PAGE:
two local / town centre shops.

                                                                                                Hard copies of the Neighbourhood Plan were
                                                                                                available for inspection and comment in
                                                                                                venues around the town:- Library, Leisure
                                                                                                Centre, Town Hall, Ex Servicemen’s Club
                                                                                                and News Telegraph Office. In addition the
                                                                                                four local schools had copies and response
                                                                                                forms available for parents.
          Please Tick the area/s   Policies   Identity   Economy     Environment   Facilities
           that your comments                                                                   Public engagement – to ensure that as wide
                  refer to
                                                                                                a range of public awareness was achieved,
           Do you agree with the content of                            YES          NO
                                                                                                the following activities were also undertaken:
            the proposed Neighbourhood
                                                                                                Presentations to established groups:-
                                                                                                Rotary 2/6. U3A & Probus 5/6; 50+ 10/7.
                   (Please Tick box)
                 This form is also available on line @                                          An “Open – drop-in event” at the Town Hall
                                                                                                16.00hrs – 20..00 hrs on 16 June. – this
                                                                                                event was publicised through street signs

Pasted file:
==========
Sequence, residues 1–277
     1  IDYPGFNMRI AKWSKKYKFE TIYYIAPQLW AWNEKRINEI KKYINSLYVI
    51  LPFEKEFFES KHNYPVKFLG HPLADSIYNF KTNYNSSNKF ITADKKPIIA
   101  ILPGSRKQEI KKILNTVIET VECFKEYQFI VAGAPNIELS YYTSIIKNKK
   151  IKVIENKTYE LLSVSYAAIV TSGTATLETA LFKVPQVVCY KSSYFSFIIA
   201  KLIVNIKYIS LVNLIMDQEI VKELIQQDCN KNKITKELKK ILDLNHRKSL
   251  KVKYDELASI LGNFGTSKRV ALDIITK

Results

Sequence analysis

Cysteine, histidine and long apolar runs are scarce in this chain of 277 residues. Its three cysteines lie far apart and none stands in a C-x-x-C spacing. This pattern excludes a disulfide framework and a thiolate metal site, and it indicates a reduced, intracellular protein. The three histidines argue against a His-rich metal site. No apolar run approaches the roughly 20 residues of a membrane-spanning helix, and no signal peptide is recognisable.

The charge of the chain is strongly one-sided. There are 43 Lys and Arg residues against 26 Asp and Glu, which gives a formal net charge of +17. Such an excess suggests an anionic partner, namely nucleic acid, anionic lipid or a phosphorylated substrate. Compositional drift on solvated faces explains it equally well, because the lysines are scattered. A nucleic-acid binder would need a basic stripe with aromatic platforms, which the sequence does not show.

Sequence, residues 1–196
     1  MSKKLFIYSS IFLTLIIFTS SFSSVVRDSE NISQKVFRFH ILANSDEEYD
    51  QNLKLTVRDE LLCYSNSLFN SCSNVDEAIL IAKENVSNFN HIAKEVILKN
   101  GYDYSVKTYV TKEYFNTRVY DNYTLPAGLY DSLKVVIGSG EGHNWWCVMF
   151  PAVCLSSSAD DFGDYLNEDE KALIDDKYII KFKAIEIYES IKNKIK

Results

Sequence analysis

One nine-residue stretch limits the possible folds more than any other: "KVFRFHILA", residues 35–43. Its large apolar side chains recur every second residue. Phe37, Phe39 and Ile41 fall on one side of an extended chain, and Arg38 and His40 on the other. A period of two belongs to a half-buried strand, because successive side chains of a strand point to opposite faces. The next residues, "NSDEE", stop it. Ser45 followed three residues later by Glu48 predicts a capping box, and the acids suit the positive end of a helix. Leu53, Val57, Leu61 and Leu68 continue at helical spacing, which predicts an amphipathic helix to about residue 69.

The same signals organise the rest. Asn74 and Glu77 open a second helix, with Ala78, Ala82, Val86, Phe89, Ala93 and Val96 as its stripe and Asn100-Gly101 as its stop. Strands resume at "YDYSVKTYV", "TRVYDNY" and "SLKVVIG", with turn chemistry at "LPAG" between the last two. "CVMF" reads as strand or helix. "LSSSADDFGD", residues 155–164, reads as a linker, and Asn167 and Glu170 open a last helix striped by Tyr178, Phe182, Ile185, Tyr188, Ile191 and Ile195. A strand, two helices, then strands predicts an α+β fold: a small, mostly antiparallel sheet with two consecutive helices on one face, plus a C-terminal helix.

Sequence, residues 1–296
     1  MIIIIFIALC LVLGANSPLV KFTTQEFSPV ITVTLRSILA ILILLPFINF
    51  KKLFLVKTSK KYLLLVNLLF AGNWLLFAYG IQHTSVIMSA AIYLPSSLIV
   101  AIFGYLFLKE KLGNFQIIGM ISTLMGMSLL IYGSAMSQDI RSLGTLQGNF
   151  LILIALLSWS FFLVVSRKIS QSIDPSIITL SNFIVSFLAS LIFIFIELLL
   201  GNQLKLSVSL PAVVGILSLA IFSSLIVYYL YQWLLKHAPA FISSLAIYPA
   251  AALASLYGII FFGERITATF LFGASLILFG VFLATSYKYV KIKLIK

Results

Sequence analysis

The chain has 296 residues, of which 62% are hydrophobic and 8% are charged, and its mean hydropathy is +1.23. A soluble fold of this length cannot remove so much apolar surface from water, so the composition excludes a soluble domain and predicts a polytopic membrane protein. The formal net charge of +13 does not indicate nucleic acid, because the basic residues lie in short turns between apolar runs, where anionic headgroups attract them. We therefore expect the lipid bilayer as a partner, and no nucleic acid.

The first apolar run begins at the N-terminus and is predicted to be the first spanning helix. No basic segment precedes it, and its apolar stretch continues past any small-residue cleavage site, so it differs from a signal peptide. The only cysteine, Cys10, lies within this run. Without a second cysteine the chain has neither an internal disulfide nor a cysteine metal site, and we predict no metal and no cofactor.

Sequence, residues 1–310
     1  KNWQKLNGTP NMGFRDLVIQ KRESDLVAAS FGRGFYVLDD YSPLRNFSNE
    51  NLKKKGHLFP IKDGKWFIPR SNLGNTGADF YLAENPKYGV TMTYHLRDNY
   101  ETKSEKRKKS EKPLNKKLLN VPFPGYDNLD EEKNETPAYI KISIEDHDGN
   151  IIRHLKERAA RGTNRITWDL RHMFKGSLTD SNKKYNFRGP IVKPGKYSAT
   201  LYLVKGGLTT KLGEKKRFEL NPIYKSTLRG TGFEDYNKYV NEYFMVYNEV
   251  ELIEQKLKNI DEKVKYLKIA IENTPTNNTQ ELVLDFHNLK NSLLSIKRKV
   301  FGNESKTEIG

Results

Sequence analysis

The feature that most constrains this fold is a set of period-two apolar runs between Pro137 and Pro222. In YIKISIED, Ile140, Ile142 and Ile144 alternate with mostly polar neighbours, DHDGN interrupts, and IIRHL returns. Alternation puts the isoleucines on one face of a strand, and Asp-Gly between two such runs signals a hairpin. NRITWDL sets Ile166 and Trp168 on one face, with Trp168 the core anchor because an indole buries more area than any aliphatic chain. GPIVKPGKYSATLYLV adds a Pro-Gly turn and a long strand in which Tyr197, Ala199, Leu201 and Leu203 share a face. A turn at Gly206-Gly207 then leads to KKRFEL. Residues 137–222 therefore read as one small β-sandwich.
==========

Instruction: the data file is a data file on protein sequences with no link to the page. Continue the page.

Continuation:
and also by method previously outlined.

                                                                                                In the final weeks public awareness was

           13%                     1%                                                           raised through street consultations on
                                                                                       YES      successive weekends.

                                                                                                Formal / Statutory engagement

                                                                                                Notification of the six week consultation was
                                                                                                sent to the organisations identified in the
                                                                                       No       appended list.

                                               86%                                              In addition members of the Steering Group
                                                                                                met with Members of Derbyshire County
                                                                                                Council on 4 June;
                                                                                       Unsure   Derbyshire Dales District Planning
                                                                                                Officers on 16th June’
                                                                                                DCC Education officers on 9th July.
                       Support for the Plan


  Sept 2015 – April 2016             April – Sept 2016                           Sept 2016 – February 2017
  Post Pre submission                Housing Needs assessment                    Final write-up before
  Consultation Analysis

  Draft Neighbourhood plan           Independent Housing Needs               Informal and formal consultation on
                                     Assessment commissioned by              final document, including presentations
  rewritten taking into account
                                     Ashbourne Town Council and              to Local Community groups.
  findings / feedback from the six   undertaken by AECOM Infrastructure
  week consultation process.         & Environment UK Ltd.                   Alignment with Derbyshire Dales Local
  Re-formatted plan supported        August - HNA findings presented to      Plan
  by a comprehensive evidence        Ashbourne Town Council
                                                                             Final document prepared.
  document prepared.